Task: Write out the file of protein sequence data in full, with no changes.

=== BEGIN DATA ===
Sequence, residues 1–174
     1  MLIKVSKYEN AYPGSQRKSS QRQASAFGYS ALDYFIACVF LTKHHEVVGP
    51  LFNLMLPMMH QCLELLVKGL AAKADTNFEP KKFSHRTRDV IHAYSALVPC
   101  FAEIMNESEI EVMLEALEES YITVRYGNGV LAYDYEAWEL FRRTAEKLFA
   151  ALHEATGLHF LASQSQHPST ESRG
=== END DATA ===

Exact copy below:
Sequence, residues 1–174
     1  MLIKVSKYEN AYPGSQRKSS QRQASAFGYS ALDYFIACVF LTKHHEVVGP
    51  LFNLMLPMMH QCLELLVKGL AAKADTNFEP KKFSHRTRDV IHAYSALVPC
   101  FAEIMNESEI EVMLEALEES YITVRYGNGV LAYDYEAWEL FRRTAEKLFA
   151  ALHEATGLHF LASQSQHPST ESRG